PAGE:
4. TRANSMISSION AND RECEPTION SYSTEMS: FIG. 6 provides a block diagram view of an exemplary logging tool 201 constructed in accordance with the present invention. Logging tool 201 includes upper transmitters 203, 205, lower transmitters 207, 209, and intermediate series resonant receiving antennas 211, 213. Central processor 215 is preferably a microprocessor device which is utilized to coordinate the operation of the components of logging tool 201, to record and process the data obtained from measurements made by intermediate series resonant receiving antennas 211, 213, and to interact with the mud pulse telemetry data transmission system carried in the adjoining drill collar member. Processor 217 is provided and dedicated for the control of numerically controlled oscillator 223. Processor 219 is provided and dedicated for the control of numerically controlled oscillator 225. Central processor 215 communicates with processors 217, 219 via data buses 241,243 respectively. Numerically controlled oscillators 223, 225 are adapted to receive a binary command signal as an input, and to produce an analog output having particular frequency, phase, and amplitude attributes. The frequency, phase, and amplitude attributes are determined at least in part by the command signals applied from processor 217, 219 to the input of numerically controlled oscillators 223, 225, and the data contained in various registers within numerically controlled oscillators 223, 225. Numerically controlled oscillators 223, 225 provide the analog signal to transmitting circuits 227, 229 respectively. The components which make up transmitting circuits 227, 229 will be described in greater detail in connection with a technique of the present invention of quantifying the undesirable magnetic field mutual coupling between particular antennas.
Receiving antennas 211, 213, communicate through analog receiving circuit 231 with the first and second data input channels of a digital signal processor 221. The digital signal processor 221 receives data at the first and second inputs after it is converted from analog form to digital form by analog-to-digital converters 220, 222, and records the data elements in a circular memory buffer. Central processor 215 pulls data from the buffers in a prescribed and predetermined manner in order to sample the current which is generated in receiving antennas 211, 213 in response to the propagation of electromagnetic signal through the adjoining formation. As is conventional, the resistivity of the formation surrounding the logging tool 201 may be determined by either (1) determining the amplitude attenuation of an electromagnetic wave propagating through the formation adjoining receiving antenna 211 and receiving antenna 213, or (2) by determining the phase shift between the electromagnetic signal propagating through the formation adjoining receiving antenna 211 and 213, or from both. These measurements comprise a relative measurement of the amplitude attenuation and a relative measure of the phase shift.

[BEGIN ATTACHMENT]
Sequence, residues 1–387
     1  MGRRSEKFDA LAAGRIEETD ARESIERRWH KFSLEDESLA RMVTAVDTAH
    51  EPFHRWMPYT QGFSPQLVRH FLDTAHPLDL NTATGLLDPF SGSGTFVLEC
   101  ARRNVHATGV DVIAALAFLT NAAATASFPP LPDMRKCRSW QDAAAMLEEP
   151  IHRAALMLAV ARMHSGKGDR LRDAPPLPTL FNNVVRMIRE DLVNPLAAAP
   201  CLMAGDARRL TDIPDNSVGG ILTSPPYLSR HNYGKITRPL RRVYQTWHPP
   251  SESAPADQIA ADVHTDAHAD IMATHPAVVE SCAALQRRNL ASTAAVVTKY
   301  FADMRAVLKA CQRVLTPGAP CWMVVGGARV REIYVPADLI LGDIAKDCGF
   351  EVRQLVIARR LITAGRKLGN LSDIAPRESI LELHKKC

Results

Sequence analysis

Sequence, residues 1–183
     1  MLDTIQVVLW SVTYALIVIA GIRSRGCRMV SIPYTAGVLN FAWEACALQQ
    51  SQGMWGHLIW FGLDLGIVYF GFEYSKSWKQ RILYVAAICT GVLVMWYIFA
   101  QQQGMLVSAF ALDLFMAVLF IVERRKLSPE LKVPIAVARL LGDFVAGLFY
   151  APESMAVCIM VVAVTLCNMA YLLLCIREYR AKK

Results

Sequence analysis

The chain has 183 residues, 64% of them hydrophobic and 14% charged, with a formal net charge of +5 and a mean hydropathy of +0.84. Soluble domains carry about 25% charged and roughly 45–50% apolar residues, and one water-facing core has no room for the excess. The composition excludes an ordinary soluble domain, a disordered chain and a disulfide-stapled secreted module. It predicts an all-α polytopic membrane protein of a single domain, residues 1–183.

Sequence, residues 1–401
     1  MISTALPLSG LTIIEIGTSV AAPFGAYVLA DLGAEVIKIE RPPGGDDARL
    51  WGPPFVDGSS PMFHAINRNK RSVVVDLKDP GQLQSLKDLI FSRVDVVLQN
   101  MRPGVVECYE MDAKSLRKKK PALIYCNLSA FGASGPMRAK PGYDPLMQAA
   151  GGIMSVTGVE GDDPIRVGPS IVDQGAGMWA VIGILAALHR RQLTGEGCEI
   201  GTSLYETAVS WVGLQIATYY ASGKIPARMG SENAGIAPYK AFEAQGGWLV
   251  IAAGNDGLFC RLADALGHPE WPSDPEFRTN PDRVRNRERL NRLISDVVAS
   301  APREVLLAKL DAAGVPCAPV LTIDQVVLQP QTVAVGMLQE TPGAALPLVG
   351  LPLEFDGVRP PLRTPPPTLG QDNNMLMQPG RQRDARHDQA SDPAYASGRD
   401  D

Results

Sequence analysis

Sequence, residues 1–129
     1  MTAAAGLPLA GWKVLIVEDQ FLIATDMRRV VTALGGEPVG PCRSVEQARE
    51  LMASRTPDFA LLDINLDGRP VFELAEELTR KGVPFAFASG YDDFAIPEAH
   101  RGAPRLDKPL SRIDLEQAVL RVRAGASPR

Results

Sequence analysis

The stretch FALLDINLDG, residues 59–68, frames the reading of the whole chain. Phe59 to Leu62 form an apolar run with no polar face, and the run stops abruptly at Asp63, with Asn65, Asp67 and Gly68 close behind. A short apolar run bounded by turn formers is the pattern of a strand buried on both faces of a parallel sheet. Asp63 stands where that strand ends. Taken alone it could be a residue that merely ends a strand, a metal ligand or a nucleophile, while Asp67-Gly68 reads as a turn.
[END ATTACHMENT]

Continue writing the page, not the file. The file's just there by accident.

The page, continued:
The present invention also allows other techniques for quantifying the electromagnetic field which propagates through the formation surrounding logging tool 201. Since precise control can be obtained with the present invention over the frequency, phase, and amplitude of the electromagnetic wave generated by transmitting antennas 203, 205, 207, and 209, the present invention allows the measurement of the absolute amplitude attenuation of electromagnetic signal between any particular transmitting antenna 203, 205, 207, and 209 and any particular receiving antenna 211, 213. Furthermore, the logging tool 201 of the present invention allows for the absolute measurement of the phase shift of an electromagnetic signal between any particular transmitting antenna 203, 205, 207, 209 and any particular receiving antenna 211,213. Prior art devices do not allow such optional techniques for determining amplitude attenuation and phase shift, since prior art devices are unable to determine easily and precisely the frequency, phase, and amplitude of a signal generated at any particular transmitting antenna.
The operation of numerically controlled oscillators 223, 225 is clocked by the output of reference clock 237, which is preferably 12 megahertz. The operation of receiving circuit 231 is controlled by the output of numerically controlled oscillator 231, which is also clocked by the output of the reference clock 237, which is 12 megahertz. Thus, a clocking pulse is provided to numerically controlled oscillator 223, 225 at a frequency identical to that which is provided to numerically controlled oscillator 223, which establishes the operating frequency of receiving circuit 231. Digital signal processor 221 is clocked by the output of divide-by circuit 239, and thus samples the output of receiving circuit 231 at a particular frequency which is much less than that utilized to energize transmitter antennas 203, 205, 207 and 209.